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How to make cosmetics products for maximum skin safety?

How to make cosmetics products for maximum skin safety?

I'll be the first to admit that this might not be the most inspiring blog!

But, at the same time, it's one of the most important areas of product development for me (LifeJacket's lead technical nerd).

So, I think it definitely warrants a journal entry to explain how products like ours are regulated and how safety is at the heart of our high performance mantra.

Cosmetic regulation - as sexy as it sounds?

In the EU, the manufacture and supply of cosmetics is governed by the EU Cosmetics Regulations (specifically, No. 1223/2009).

This piece of legislation ensures that every cosmetic product must comply with a number of regulations, if sold within the European market. In the UK, this specific regulation replaced a local equivalent in 2013.

Post Brexit, we're waiting to see how this regulation will be applied to products sold into the UK market but it's pretty likely the regulation will remain or stay completely aligned as it does in many other parts of the world.

What does the regulation cover?

In a word - safety.

The regulation is designed to protect you, the consumer, and make brand owners responsible for the safety of their products for their intended use.

It standardises the technical information product labels must contain so certain safety aspects are clear and available to the consumer. It also makes sure the brand owner is accountable for ensuring a complete record of the product's ingredients and suitability for purpose is maintained with any "adverse" information reported by consumers being evaluated and added to the record.

A help, not a hindrance, for formulators like us.

For formulators like us, the regulation gives us a fantastic framework for developing new, high performance cosmetic products.

It enables us to work within defined safety limits with all of our ingredients so that we can deliver the best possible performance while ensuring we comply with the tightest safety regulations in the world.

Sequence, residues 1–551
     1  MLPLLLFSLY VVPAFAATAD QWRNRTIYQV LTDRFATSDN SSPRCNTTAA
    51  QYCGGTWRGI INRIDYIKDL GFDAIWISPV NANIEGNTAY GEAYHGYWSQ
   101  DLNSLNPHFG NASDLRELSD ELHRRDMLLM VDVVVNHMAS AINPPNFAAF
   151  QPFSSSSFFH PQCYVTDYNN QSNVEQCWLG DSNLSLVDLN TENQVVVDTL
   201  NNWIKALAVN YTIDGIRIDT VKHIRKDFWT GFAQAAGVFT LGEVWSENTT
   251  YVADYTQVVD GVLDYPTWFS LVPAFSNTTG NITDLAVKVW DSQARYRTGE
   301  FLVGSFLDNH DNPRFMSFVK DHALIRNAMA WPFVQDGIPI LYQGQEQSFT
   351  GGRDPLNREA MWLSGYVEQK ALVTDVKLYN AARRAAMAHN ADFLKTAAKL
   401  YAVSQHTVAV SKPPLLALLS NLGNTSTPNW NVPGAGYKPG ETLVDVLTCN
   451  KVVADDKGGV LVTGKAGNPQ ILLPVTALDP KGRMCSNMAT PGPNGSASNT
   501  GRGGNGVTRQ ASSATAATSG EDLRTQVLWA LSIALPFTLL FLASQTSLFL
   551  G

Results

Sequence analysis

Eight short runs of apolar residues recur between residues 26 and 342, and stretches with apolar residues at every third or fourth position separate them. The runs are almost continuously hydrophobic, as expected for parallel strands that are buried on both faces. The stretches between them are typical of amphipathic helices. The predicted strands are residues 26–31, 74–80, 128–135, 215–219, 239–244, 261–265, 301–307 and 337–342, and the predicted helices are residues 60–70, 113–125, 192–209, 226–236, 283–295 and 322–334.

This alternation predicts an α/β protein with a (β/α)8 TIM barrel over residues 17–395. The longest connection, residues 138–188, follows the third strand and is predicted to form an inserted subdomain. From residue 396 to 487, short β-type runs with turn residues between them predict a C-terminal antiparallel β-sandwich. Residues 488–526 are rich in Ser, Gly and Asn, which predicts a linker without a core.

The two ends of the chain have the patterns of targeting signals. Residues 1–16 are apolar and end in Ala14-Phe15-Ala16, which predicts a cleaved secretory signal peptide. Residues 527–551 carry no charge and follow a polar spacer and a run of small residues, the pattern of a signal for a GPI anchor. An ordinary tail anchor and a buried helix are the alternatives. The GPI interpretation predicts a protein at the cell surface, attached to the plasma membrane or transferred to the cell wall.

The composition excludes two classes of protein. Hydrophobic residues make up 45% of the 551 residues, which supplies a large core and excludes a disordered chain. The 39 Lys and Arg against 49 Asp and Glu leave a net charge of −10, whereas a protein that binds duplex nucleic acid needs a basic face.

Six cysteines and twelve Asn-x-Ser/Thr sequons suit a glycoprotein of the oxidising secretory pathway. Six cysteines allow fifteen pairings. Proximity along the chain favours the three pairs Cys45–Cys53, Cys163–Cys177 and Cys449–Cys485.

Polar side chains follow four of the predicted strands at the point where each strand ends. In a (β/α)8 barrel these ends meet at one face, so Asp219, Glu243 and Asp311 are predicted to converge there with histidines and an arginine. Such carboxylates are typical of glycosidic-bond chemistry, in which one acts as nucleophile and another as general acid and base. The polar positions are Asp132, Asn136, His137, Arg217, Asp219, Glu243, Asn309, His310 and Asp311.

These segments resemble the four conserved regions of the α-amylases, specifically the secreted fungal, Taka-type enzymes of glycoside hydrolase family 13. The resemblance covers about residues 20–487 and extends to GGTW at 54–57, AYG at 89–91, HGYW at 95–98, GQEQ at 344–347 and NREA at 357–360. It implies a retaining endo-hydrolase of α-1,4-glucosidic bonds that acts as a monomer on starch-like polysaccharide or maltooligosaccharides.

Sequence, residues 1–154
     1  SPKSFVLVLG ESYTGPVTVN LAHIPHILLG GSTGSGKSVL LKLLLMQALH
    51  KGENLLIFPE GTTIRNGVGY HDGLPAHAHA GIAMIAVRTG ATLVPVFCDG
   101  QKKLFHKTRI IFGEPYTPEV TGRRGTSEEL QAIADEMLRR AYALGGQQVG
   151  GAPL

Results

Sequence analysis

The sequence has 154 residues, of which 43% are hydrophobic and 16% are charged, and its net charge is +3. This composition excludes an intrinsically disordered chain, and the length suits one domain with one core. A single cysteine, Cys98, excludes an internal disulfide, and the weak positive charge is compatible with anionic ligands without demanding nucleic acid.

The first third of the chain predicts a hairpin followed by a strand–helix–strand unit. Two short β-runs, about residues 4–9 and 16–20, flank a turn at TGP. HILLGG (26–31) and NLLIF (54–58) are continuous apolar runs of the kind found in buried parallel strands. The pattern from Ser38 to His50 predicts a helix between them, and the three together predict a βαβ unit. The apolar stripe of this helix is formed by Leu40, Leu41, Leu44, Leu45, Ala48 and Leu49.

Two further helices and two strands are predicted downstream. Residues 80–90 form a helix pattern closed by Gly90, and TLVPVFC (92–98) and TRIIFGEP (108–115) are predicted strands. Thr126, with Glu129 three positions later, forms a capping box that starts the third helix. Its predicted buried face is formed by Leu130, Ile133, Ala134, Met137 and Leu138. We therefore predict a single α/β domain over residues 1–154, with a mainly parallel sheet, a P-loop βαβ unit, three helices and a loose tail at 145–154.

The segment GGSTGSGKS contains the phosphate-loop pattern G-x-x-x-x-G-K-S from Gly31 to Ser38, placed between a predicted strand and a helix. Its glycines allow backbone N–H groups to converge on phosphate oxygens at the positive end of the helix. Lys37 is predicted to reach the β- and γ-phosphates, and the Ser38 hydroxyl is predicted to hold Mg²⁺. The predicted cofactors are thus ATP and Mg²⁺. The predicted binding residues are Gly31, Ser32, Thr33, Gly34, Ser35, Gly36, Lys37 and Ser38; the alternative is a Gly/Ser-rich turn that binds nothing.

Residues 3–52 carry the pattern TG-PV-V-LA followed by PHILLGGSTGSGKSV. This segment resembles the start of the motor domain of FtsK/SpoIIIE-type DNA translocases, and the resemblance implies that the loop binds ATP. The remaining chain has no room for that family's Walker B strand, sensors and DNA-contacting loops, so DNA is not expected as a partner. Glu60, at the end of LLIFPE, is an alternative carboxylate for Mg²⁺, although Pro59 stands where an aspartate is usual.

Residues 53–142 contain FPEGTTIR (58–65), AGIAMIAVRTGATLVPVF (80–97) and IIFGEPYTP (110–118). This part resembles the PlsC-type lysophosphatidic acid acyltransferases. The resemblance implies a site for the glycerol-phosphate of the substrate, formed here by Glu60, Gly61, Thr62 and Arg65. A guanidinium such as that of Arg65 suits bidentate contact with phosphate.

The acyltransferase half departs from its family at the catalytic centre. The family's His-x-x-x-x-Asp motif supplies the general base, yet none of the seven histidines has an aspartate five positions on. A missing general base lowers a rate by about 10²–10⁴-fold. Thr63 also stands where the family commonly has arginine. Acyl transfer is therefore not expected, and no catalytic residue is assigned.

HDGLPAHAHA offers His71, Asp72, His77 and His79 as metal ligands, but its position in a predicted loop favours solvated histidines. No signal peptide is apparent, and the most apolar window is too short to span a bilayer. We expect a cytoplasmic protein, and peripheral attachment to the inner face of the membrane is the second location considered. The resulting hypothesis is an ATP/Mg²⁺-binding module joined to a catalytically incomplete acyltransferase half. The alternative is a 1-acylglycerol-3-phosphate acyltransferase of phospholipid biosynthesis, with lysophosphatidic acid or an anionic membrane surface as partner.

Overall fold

For example, some ingredients are designed to be used at low doses in formulations so they can deliver performance without compromising skin safety (such as irritation). The regulation ensures an ingredient's usage is kept within defined and proven safety parameters and specialised third-party safety assessors look through our formulations in detail to "pass" them as compliant within the regulation.

For the consumer this all means that every product available to buy on the shelf or online, is deemed to be safe (or should be).

Why do some ingredients get a bad name then?

Like with all sciences, chemistry is continually evolving and more and more knowledge is generated every day concerning physical and biological processes and how cosmetic ingredients interact with our bodies.

In combination with consumer feedback, a number of laboratories and researchers are tasked with the continual process of feeding that knowledge through to the regulatory authorities so that ingredient specific safety information is updated based on the available evidence. Finished products containing affected ingredients are re-assessed and updated. If a cosmetic product falls foul of the updated regulation, it will be removed from sale. The process of safety assessment is therefore ongoing for as long as a product is on the shelf.

Of course everyone has the right to both an opinion and to choice and there are some ingredients that consumers decide to avoid.

While a product may be defined as safe, one person may choose not to buy a shower gel containing sodium laureth sulphate, as an example, because it causes them skin irritation. Equally, some consumers may read negative press concerning paraben preservatives and choose not to buy cosmetics that contain them. That's all completely fair enough. But it's worth emphasising that ingredients are assessed by the regulatory authorities based on available evidence. Ingredients' safety profiles are updated accordingly. In turn, the usage of all ingredients in cosmetic products being sold must align to updated parameters to maintain the following basic principle;

If being sold legitimately within the European Union, the product and its component ingredients as formulated are deemed safe for the intended use.

At the heart of LifeJacket's high performance mantra

At LifeJacket, we see product safety as a key part of performance.

It goes without saying we comply with the regulations but we also proactively stay on top of the latest safety developments concerning the ingredients we formulate with.

We make skin compatibility the first box we tick.

Furthermore, by testing our products on all skin types including sensitive skin, we always look to push our product assessment above and beyond the regulatory requirements.